Financial markets globally were cheered by China's announcement recently — and its action later — that it would make its currency more flexible. On June 28, China pegged the yuan at its highest level in five years. A stronger yuan should, theoretically, ease global trade imbalances by making exports from other countries more competitive. But it may have little impact on the ground.
It's a relatively small appreciation in the yuan over the short term, which is not exactly what the United States had in mind. The People's Bank of China has clearly specified that "the basis for large-scale appreciation of the renminbi exchange rate does not exist".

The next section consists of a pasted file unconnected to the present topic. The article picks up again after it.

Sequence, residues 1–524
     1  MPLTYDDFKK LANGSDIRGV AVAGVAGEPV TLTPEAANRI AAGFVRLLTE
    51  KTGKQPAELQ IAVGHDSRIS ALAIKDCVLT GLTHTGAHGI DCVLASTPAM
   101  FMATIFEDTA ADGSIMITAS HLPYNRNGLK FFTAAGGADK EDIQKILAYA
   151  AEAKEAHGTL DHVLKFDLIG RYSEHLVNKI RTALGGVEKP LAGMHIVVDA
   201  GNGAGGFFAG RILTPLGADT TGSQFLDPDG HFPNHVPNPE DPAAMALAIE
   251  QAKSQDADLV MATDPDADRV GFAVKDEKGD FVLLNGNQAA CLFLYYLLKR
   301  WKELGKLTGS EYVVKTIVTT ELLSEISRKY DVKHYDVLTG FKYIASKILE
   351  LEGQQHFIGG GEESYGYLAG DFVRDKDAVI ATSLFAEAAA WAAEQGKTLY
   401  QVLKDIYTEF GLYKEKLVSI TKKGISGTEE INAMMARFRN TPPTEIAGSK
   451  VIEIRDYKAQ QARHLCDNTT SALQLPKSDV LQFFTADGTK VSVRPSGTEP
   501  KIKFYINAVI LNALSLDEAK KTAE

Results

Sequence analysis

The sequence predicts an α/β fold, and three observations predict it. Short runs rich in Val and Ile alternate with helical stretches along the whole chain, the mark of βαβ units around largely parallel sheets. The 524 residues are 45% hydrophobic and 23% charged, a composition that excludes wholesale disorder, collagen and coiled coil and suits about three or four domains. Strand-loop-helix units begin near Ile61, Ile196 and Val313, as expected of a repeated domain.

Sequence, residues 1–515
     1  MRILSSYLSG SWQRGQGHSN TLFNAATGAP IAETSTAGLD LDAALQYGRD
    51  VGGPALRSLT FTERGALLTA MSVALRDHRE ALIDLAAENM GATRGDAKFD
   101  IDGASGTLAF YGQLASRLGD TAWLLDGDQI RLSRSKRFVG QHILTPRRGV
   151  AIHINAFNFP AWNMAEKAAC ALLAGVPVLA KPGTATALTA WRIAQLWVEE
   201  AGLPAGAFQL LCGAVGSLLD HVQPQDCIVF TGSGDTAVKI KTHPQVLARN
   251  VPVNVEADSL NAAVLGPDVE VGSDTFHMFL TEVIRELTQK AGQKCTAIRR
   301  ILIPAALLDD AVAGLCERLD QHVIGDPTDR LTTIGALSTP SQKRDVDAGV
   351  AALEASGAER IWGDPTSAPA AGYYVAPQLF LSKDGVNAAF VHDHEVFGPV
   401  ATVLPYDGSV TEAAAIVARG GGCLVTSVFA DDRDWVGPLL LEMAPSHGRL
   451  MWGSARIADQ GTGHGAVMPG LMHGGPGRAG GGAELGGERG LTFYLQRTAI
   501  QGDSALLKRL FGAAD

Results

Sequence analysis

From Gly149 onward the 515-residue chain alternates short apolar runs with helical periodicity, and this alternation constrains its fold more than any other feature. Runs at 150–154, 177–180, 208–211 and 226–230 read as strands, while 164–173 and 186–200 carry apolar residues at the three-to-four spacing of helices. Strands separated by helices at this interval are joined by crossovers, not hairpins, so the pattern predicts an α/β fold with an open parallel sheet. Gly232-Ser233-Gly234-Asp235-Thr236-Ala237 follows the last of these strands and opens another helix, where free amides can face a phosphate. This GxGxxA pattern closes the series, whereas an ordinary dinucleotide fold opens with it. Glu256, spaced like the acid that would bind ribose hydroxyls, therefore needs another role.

The statement forestalled a potential showdown between the US and China at the G20 summit in Toronto. The central bank's move eased pressure from the international community for meaningful currency reform.
The deep-rooted problems of the developed economies, then, won't suddenly disappear because of a shift in currency policy by China. The US economy is still not out of the woods. And, yes, the massive problem of debt in Europe remains a big problem.